By turning to science and accepting the truth of evolution, a person of faith leaves escapist fantasy behind and enters into an engagement with the ‘real’ world – the world that ‘God’ has created (over the course of billions of years).  They also accept the true nature of human being; as an evolved species that has emerged – by divine nurturance – from the Evolutionary Tree of Life.  The believer who accepts the revelations of science and the truth of evolution in particular is also able to embrace Scripture as what it really is; a mythological source-text that helps them understand their relationship to Earth, Cosmos and the Divine.  To accept evolution – and all the revelations of science – is to awaken in the real world, give up the temptation to fantasist escapism and embrace life as it is.  It is to accept truth on all fronts, and not deny one truth in order to affirm another.

3. Creationists: Watching Shadow-Plays in a Cave (2 Sept 2010)

“God and truth cannot be incompatible.” (xii)

- John Shelby Spong
Jesus for the Non-Religious (2007)
      Then, in September of 2010, I was listening to a lecture on Plato’s dialogue “The Republic” and as the lecturer was discussing the Analogy of the Cave, I had a sudden insight.  For those who may not be familiar with it, Plato’s analogy is a story about the state in which most of us find ourselves before we begin seeking wisdom.  We are like people watching shadows dancing on a wall deep in the darkness of a cave, and mistaking those shadows for the real world.  It then portrays a search for personal enlightenment, in which the philosopher – i.e., anyone in love with wisdom – finds his way out of the cave into the Light.  He or she then deals with the responsibility that comes with enlightenment; specifically—that the one who is enlightened must return to the cave and help enlighten others, at whatever cost to him or herself.
       While Plato had his own agenda in telling this story, it is more broadly applicable than he would probably have allowed; and has become one of the touchstones of western philosophy and spirituality.  What I saw in my imagination as the lecturer (David Roocknik) was describing the cave and its inhabitants was simply a group of creationists, all sitting in a row and watching various scenarios about the supposed beginning of the world (based on the mis-interpretation of scripture) being projected on the wall by powerful people who have the money and influence to keep these believers held enthralled by the illusions they had generated.  The captives were watching movies about Noah’s Flood and the Seven Day Creation story.  They were watching propaganda films depicting falsified evidence that dinosaurs and human beings were once on the earth at the same time.  They were watching videos in which a whole worldview based on these erroneous fictions was being etched out.  _And the creationists, having been kept ignorant of science and a scientifically based worldview, were simply accepting it all, because they knew no better.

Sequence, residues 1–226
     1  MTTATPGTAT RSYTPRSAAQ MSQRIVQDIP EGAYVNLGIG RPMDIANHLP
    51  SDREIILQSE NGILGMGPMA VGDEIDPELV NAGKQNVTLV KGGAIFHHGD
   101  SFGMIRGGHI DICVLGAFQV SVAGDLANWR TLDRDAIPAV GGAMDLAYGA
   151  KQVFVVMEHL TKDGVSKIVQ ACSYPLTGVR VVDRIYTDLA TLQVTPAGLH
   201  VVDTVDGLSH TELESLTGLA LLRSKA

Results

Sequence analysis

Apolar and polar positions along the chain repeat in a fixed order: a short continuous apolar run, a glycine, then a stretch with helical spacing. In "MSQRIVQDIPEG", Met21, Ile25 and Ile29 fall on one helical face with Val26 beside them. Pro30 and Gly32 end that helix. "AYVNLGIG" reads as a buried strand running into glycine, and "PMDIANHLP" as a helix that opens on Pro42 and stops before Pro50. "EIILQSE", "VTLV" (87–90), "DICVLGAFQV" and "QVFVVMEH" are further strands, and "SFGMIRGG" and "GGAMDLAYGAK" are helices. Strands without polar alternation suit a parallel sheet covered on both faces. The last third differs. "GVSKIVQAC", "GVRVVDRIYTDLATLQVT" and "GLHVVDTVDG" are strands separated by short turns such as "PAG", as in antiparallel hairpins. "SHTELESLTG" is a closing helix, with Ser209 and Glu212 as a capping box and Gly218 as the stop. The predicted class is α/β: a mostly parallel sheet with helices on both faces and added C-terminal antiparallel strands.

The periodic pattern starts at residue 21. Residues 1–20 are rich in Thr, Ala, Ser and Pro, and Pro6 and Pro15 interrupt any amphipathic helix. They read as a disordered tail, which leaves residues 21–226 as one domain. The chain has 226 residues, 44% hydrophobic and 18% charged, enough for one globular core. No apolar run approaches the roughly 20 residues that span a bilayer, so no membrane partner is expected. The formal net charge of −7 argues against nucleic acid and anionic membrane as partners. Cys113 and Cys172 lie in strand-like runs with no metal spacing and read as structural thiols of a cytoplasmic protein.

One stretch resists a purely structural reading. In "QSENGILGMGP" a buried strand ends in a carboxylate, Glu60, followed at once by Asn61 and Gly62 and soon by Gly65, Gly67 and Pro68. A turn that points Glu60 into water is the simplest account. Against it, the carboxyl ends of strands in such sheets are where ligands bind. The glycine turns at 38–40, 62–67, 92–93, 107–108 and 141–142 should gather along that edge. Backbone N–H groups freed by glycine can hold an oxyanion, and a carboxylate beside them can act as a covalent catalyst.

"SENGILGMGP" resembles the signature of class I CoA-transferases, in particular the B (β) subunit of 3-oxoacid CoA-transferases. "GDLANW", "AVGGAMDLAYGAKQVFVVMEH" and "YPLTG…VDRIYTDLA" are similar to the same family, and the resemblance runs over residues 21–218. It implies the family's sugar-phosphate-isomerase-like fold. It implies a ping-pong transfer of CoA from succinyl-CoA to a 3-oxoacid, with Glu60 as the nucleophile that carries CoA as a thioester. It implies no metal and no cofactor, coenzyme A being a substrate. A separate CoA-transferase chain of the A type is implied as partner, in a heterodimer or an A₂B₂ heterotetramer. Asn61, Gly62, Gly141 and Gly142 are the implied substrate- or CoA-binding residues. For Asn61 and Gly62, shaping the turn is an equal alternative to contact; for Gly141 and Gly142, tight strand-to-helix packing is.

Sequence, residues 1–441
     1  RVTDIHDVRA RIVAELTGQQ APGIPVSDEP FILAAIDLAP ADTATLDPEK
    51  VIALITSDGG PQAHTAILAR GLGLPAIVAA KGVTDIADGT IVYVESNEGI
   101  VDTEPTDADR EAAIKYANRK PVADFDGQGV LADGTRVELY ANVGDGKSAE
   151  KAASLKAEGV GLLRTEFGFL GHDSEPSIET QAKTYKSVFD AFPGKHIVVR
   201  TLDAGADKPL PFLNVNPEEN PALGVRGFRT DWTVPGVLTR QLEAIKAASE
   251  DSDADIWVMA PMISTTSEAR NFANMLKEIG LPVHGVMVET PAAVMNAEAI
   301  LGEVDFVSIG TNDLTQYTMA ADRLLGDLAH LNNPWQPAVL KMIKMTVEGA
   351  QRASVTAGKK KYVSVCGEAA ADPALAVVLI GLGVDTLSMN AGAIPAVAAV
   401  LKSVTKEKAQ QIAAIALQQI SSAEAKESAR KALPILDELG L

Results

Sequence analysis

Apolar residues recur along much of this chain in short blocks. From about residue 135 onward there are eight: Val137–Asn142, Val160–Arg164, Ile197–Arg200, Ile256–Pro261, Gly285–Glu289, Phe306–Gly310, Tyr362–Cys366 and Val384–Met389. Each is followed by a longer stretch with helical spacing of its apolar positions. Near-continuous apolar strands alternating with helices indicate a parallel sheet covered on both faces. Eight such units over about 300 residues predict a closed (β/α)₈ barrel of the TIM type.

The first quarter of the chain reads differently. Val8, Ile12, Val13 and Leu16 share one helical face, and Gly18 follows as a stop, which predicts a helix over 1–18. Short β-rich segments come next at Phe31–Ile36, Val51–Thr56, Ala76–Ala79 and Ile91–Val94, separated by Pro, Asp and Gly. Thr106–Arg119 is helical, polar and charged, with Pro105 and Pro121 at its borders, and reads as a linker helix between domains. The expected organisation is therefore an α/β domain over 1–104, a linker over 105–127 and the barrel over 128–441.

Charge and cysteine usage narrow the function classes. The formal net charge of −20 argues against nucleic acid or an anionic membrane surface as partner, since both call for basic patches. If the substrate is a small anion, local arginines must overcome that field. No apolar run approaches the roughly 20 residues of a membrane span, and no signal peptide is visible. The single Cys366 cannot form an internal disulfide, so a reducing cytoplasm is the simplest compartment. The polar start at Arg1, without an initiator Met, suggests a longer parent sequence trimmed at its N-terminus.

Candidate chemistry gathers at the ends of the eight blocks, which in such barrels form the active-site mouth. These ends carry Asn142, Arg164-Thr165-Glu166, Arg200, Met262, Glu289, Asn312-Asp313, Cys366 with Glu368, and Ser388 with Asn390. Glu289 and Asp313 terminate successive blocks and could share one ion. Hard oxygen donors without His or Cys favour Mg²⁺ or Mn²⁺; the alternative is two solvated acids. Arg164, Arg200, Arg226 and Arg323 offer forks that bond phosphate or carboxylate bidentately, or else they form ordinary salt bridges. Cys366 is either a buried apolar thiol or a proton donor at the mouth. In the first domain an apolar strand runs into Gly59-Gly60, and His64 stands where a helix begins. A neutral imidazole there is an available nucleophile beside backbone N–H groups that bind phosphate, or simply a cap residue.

This vision of creationists in the cave almost brought me to tears, as I know how sincere most religious people are, and I realize that they would be disturbed by being encouraged to give up their illusions as illusions and ascend out of the cave into the Light.  I feel for creationists, as I was once was one myself.   Back in the late 1970’s, I joined up with evangelical and charismatic Christians on the campus of the college I was attending, and was willingly deluded into believing in the Young Earth.  I denied the truth of evolution for a couple of years, as I didn’t now any better.  I was warned never to listen to evolutionists and to walk out of classes where evolution was even mentioned.  [Now, creationists in college classes are more militaristic; but we weren’t back then.]  I understand the unhealthy detachment from the outside world that creationists go through in order to block-out the revelations of science.  I also know how hard it is to extricate yourself from these delusions, and find yourself in the Light with your faith in 'God' intact.  _But it is possible.  And it is always better to embrace truth than to willingly go along with what just ‘feels right’ and which makes you comfortable.

      If you re a creationist, I urge you to seek the Light that you can find in the revelations of science.
      If you are a religious person, I encourage you to pray for creationists daily in love.
So be it.